Conceived out of an initiative to consolidate the many different physical navigation elements across their wide offerings of devices. The Q part is the little back button which dangles off the bottom left which serves as a “get me out of here” safety net for users. It also seems that it creates a crutch for less rigorous interaction design on the screens and functions being controlled by the Q control. Not having ever used one, i can’t really say.

HP produced video talking about the Q Control

HP’s Q Control from maritoruiz on Vimeo.

Augmented Reality Prototypes

In the prototyping of consumer electronics they often mock up user interfaces in Flash and then build rough physical prototypes that control the interactions on screen. While janky, it can be effective but it still doesn’t look pretty. Booth briefly described a methodology they are using on a new project, where physical interactions such as pressing buttons is done on a block of foam covered in green screen paper and the video of the new devices and on screen activity keyed in. I think it would make for a compelling visual and easily help sell their ideas.

No images or video so here’s a clip from the Girl skateboards video Yeah Right where the skaters ride invisible skateboards


Posted November 12th, 2008 at 10:52 am. There are 0 comments.


huge url

Posted November 10th, 2008 at 4:10 pm. There are 0 comments.


hugeurl.com makes URLs huge. It’s like Cory Arcangel’s Total Asshole Compression which increases file size, but for URLs.

M45 – The Pleiades

Posted November 10th, 2008 at 11:01 am. There are 0 comments.

Above a picture of the sky and stars submitted to the astronomy.net group on flickr. Astrometry.net will analyze the photo and return the below interesting information about the sky you have photographed. Seriously amazing pattern matching.

astrometry.net says:

Hello, this is the blind astrometry solver. Your results are:
(RA, Dec) center:(56.7751, 24.1559) degrees

(RA, Dec) center (H:M:S, D:M:S):(03:47:6.024, +24:09:21.240)
Orientation:95.02 deg E of N

Pixel scale:1.96 arcsec/pixel

Parity:Reverse (“Left-handed”)
Field size :2.12 x 1.41 degrees

Your field contains:
The star Celaeno (16Tau)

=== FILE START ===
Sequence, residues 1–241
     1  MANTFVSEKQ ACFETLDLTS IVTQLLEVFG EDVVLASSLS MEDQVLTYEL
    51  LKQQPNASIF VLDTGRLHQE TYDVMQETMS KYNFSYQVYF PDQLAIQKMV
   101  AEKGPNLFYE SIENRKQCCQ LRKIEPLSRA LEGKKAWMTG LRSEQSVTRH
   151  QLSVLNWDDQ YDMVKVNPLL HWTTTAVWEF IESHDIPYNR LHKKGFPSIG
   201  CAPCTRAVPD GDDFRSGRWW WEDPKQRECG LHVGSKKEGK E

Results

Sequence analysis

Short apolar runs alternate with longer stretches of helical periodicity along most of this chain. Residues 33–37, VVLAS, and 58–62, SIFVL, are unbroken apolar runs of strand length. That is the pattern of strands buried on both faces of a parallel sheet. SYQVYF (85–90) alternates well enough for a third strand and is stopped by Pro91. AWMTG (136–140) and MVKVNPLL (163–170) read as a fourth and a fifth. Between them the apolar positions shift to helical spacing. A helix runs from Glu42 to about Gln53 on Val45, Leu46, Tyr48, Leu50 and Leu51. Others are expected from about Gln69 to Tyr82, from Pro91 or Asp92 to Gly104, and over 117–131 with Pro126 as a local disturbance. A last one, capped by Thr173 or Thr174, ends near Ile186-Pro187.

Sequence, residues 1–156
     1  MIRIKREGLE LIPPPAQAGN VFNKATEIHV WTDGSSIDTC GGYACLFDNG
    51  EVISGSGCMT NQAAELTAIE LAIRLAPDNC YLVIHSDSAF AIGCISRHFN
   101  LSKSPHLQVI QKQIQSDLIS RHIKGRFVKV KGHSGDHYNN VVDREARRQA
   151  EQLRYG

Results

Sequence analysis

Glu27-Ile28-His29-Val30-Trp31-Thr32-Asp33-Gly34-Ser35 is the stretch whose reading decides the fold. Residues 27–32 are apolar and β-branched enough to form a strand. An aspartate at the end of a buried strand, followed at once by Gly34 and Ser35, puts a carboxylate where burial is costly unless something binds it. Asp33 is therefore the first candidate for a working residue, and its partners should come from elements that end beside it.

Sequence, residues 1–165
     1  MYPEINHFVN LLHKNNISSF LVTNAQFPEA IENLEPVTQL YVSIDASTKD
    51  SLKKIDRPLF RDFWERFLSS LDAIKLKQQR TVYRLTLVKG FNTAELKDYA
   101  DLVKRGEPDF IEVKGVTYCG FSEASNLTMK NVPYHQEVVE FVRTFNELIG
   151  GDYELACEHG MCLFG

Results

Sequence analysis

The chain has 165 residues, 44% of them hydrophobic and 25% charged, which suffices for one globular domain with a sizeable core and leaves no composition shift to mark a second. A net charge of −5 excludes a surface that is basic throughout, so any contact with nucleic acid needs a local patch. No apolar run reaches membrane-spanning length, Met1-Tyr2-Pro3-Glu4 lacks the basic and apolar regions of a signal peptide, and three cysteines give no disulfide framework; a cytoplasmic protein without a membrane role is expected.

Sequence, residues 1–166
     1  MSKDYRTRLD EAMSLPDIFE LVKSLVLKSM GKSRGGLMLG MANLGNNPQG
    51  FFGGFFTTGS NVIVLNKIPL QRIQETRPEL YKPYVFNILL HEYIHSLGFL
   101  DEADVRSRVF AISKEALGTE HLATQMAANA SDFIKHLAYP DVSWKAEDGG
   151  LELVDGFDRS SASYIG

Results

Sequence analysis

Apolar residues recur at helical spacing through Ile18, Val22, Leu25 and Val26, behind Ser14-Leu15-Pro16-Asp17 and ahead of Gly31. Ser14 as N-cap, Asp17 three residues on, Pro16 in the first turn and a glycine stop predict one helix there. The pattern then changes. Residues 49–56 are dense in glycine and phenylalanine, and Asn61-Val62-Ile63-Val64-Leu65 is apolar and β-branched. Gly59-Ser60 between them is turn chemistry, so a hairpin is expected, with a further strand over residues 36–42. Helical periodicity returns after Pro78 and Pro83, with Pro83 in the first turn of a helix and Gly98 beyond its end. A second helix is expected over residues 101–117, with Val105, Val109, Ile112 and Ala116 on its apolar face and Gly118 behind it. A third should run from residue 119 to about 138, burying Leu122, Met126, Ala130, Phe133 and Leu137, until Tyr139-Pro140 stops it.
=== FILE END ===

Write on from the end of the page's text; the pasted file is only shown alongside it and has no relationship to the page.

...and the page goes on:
The star Electra (17Tau)
The star 18Tau
The star Taygeta (19Tau)
The star Sterope I (21Tau)
The star Merope (23Tau)
The star ηTau
The star Atlas (27Tau)
The star Pleione (28Tau)
NGC 1432 / Maia nebula
NGC 1435 / Merope nebula

If you would like to have other images solved, please submit them to the astrometry group.

Astrometry.net describes their project like this:

If you have astronomical imaging of the sky with celestial coordinates you do not know—or do not trust—then Astrometry.net is for you. Input an image and we’ll give you back astrometric calibration meta-data, plus lists of known objects falling inside the field of view.

The intersection of photography, data and crowdsourcing, with either the photography or the data or both will be an interesting space to watch.

Quote by 1:1 | design mind

Posted November 8th, 2008 at 1:07 pm. There are 0 comments.

The mechanics of digital gaming – from overarching narrative to technical execution – are about managing player point-of-view within the environment of the game. But as video games map ever more closely to the built world, this point-of-view needs to be managed externally, as well. We must examine how gaming can be used to impact the world beyond the screen, both economically and intellectually.

1:1 | design mind

Walk the Line

Posted November 7th, 2008 at 10:45 pm. There are 0 comments.

I printed my portrait on various maps. Then I started to orientate the maps following the lines on my face. On my arm I carried a satellite recorder (GPS) drawing the path that I walked.

Artist Antti Laitinen Walk the Line Project

  • 2013: Jan Feb Mar Apr May Jun Jul Aug Sep Oct Nov Dec
  • 2012: Jan Feb Mar Apr May Jun Jul Aug Sep Oct Nov Dec
  • 2011: Jan Feb Mar Apr May Jun Jul Aug Sep Oct Nov Dec
  • 2010: Jan Feb Mar Apr May Jun Jul Aug Sep Oct Nov Dec
  • 2009: Jan Feb Mar Apr May Jun Jul Aug Sep Oct Nov Dec
  • 2008: Jan Feb Mar Apr May Jun Jul Aug Sep Oct Nov Dec
  • 2007: Jan Feb Mar Apr May Jun Jul Aug Sep Oct Nov Dec
  • 2006: Jan Feb Mar Apr May Jun Jul Aug Sep Oct Nov Dec
  • 2005: Jan Feb Mar Apr May Jun Jul Aug Sep Oct Nov Dec

  • [ iamtheweather powered by Wordpress And is definitely Not Plastic Bag ]